Advanced Theory & Practice of Bonds

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Lufthansa Group’s executive board decided to suspend future coupon payments on its hybrid €500mn 4.39% 2075s that were issued in 2015. The company said that the suspension of coupons “does not result in the forfeiture of the entitlement to the coupon payments” and that they intend to “make up for the deferred coupon payments as soon as possible once the stabilization by the ESF has been completed.” Lufthansa had been given a state aid package and paying coupons would be considered a violation based on the EU Commission’s terms of the package. Lufthansa added that they have “not issued any other corporate bonds or financial instruments with options to suspend interest or coupon payments.” Bankers do note that despite this event, it would be unlikely to have any impact on Lufthansa’s future access to capital markets and that this is an isolated case. Bloomberg points out that while coupon deferrals are rare in hybrids, once they happen, they can cause substantial havoc. They added that from a ratings agency perspective, hybrid borrowings count towards equity provisions with discretionary coupons. BNP analysts said that there is unlikely to be impact for other state-owned issuers as none of them have taken emergency state aid. As per the bond’s prospectus, the issuer may, at its discretion, defer interest payments at any time but is not obliged to if specific events like dividend or other distributions are made to shareholders. Additionally, the delayed interest payments will not itself accrue interest and failure to pay/defer will not constitute default.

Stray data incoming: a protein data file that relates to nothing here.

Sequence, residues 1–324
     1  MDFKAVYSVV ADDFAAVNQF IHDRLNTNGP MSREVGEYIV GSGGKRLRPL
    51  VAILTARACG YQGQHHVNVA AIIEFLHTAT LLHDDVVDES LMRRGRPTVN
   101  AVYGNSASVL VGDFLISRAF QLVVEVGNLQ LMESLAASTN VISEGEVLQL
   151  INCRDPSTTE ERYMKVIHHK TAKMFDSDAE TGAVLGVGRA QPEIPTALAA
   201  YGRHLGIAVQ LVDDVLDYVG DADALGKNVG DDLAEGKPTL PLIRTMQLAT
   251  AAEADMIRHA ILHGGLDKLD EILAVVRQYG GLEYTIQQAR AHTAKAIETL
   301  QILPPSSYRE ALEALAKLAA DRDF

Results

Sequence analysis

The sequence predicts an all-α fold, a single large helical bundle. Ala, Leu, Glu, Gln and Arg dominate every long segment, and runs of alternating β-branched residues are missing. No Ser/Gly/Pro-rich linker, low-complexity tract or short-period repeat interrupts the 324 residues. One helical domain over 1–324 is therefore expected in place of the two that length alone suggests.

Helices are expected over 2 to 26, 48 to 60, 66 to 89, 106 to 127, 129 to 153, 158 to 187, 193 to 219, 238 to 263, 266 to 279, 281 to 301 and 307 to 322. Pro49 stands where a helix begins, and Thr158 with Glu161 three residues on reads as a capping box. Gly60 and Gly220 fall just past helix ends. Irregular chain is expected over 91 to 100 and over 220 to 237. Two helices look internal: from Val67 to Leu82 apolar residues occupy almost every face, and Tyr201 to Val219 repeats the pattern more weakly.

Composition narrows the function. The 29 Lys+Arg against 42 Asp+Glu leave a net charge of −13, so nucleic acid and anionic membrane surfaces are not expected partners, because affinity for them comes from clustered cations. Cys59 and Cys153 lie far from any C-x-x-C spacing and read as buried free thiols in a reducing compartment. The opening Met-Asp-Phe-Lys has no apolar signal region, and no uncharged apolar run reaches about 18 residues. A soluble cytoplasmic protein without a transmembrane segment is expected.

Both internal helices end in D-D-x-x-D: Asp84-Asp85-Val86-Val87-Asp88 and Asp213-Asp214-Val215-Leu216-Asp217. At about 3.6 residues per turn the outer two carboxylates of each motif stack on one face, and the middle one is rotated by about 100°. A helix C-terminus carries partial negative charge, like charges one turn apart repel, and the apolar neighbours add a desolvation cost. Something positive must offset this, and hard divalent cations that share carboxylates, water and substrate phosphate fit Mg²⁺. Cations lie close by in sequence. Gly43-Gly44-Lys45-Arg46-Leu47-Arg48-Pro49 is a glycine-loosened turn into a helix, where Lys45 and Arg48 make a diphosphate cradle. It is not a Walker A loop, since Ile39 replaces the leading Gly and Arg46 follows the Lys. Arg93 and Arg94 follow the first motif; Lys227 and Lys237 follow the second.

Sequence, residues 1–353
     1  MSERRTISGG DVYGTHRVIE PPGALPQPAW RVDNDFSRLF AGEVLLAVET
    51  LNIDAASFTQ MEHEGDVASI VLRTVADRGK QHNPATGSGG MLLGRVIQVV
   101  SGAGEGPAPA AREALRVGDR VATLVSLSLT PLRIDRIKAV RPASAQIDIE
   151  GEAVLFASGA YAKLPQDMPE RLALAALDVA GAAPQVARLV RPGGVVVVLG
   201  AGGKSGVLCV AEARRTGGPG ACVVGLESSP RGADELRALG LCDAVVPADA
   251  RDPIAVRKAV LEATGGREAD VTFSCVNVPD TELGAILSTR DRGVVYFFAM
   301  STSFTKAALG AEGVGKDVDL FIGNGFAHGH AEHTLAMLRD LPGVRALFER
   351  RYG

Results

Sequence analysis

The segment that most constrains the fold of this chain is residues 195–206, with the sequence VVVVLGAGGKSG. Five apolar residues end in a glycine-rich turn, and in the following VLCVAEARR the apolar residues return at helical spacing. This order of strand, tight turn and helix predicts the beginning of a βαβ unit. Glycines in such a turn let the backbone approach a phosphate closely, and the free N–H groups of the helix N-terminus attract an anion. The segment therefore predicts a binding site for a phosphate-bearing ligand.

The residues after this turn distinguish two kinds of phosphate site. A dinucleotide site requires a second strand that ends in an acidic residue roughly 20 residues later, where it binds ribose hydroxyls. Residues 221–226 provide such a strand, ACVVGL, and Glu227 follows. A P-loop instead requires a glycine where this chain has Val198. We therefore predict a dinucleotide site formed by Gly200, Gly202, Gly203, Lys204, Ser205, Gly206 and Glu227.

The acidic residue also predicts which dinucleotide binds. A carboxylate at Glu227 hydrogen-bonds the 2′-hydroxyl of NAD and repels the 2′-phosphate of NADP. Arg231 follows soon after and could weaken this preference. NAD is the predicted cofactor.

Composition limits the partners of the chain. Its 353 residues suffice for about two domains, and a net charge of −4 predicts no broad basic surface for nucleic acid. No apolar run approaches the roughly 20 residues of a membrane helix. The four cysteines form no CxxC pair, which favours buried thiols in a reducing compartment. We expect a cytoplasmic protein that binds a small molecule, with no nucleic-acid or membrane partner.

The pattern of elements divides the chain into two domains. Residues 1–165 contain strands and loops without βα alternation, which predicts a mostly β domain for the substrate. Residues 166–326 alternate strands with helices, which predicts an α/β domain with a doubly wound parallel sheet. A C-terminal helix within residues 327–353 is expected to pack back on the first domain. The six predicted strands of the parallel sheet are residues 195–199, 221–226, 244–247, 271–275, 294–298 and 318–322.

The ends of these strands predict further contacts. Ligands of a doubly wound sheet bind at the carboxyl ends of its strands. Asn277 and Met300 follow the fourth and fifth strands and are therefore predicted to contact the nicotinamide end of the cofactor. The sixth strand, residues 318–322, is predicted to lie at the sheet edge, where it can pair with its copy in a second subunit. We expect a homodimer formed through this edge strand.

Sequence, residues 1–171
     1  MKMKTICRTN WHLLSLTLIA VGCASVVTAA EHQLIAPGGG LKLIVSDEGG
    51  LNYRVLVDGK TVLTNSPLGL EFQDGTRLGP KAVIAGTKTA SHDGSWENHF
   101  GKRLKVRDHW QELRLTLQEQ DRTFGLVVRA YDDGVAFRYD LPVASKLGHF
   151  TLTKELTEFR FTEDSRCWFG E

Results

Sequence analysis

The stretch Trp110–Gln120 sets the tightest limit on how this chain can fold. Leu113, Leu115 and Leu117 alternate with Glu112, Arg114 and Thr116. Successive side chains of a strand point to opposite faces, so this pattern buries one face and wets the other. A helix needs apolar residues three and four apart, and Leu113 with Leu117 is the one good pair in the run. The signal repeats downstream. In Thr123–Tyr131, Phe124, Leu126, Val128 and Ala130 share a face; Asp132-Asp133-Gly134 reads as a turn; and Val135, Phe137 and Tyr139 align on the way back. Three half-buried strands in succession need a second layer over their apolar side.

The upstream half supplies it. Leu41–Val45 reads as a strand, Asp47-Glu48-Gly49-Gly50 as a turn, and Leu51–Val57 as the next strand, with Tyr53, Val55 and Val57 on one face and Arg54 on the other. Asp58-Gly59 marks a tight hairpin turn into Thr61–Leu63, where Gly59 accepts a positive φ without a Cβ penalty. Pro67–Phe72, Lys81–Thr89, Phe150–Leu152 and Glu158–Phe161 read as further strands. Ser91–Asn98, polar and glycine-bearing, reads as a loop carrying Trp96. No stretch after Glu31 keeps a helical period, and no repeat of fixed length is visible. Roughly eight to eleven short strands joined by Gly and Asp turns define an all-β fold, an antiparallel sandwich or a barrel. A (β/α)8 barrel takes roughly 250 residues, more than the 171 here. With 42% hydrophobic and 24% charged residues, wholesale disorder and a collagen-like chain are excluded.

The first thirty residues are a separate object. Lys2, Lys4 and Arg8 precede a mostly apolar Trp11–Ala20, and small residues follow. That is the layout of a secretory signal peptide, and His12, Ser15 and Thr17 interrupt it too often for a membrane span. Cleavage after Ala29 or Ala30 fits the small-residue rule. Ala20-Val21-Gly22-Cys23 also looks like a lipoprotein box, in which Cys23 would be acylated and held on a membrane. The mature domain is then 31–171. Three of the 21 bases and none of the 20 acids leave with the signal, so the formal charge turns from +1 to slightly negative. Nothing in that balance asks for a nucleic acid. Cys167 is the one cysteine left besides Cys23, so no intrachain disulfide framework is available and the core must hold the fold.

Its 4.39% 2075s were down ~3 cents to 94.94, yielding 4.65% while its other bonds traded stable.

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